Uniquely blending anthropological and exchange theory, Professor Garvey offers a new interpretation of American constitutional development. His thesis: judicial reliance on a limited stock of received forms has inhibited the development of new concepts that could adequately reflect fundamental changes in society. Professor Garvey reviews the history of the Supreme Court in light of the "bricolage" theory. The Court, by interpreting the Constitution to effect laissez-faire and Social Darwinism, helped bring about a society ostensibly patterned on the buyer-seller model, marked by free exchange and "liberty of contract." New departures by the Court in the areas of free speech and criminal justice, according to the author, evidence a recognition of present inequities and a determination to change them; but to the extent the Court remains loyal to a buyer-seller model, it practices an unrealistic jurisprudence.
Originally published in 1971.
The Princeton Legacy Library uses the latest print-on-demand technology to again make available previously out-of-print books from the distinguished backlist of Princeton University Press. These editions preserve the original texts of these important books while presenting them in durable paperback and hardcover editions. The goal of the Princeton Legacy Library is to vastly increase access to the rich scholarly heritage found in the thousands of books published by Princeton University Press since its founding in 1905.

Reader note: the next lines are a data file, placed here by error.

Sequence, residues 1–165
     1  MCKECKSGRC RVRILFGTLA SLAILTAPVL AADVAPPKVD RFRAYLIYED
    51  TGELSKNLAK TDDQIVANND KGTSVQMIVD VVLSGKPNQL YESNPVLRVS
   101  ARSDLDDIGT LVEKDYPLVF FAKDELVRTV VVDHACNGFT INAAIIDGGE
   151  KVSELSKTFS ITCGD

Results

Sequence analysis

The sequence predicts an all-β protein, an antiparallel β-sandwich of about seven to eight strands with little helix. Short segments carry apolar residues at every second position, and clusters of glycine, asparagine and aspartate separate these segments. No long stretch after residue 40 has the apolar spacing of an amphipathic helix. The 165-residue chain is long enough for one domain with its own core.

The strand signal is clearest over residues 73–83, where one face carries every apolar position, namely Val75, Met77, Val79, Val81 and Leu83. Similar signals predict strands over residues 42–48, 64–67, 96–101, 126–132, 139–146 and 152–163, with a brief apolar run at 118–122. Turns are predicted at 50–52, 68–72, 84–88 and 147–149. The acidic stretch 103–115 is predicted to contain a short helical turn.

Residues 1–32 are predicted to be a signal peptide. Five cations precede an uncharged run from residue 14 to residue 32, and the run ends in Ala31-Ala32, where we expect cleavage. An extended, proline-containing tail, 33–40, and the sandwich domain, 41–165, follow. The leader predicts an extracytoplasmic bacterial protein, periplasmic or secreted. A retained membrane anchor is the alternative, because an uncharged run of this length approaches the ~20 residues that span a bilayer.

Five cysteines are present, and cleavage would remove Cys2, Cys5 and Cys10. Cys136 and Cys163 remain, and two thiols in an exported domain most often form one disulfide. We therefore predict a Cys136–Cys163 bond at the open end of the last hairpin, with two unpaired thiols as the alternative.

Author: Garvey, Gerald
Publisher: Princeton University Press
Title: Constitutional Bricolage
Pages: 00174 (Encrypted PDF)
On Sale: 2015-03-08
Category: Law : Constitutional